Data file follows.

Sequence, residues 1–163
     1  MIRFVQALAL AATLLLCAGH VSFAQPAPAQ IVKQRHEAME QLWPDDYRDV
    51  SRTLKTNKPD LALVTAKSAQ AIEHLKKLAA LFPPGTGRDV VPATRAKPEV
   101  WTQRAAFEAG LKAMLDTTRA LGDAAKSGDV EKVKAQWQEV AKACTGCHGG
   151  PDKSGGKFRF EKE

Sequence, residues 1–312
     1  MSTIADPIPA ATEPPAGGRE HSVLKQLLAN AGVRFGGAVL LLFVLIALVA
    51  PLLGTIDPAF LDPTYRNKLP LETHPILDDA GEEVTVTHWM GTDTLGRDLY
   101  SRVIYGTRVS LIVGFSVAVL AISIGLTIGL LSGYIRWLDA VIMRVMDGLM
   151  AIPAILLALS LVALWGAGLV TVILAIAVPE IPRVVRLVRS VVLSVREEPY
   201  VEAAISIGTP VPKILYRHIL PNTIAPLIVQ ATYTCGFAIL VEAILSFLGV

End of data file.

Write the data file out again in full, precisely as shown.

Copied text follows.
Sequence, residues 1–163
     1  MIRFVQALAL AATLLLCAGH VSFAQPAPAQ IVKQRHEAME QLWPDDYRDV
    51  SRTLKTNKPD LALVTAKSAQ AIEHLKKLAA LFPPGTGRDV VPATRAKPEV
   101  WTQRAAFEAG LKAMLDTTRA LGDAAKSGDV EKVKAQWQEV AKACTGCHGG
   151  PDKSGGKFRF EKE

Sequence, residues 1–312
     1  MSTIADPIPA ATEPPAGGRE HSVLKQLLAN AGVRFGGAVL LLFVLIALVA
    51  PLLGTIDPAF LDPTYRNKLP LETHPILDDA GEEVTVTHWM GTDTLGRDLY
   101  SRVIYGTRVS LIVGFSVAVL AISIGLTIGL LSGYIRWLDA VIMRVMDGLM
   151  AIPAILLALS LVALWGAGLV TVILAIAVPE IPRVVRLVRS VVLSVREEPY
   201  VEAAISIGTP VPKILYRHIL PNTIAPLIVQ ATYTCGFAIL VEAILSFLGV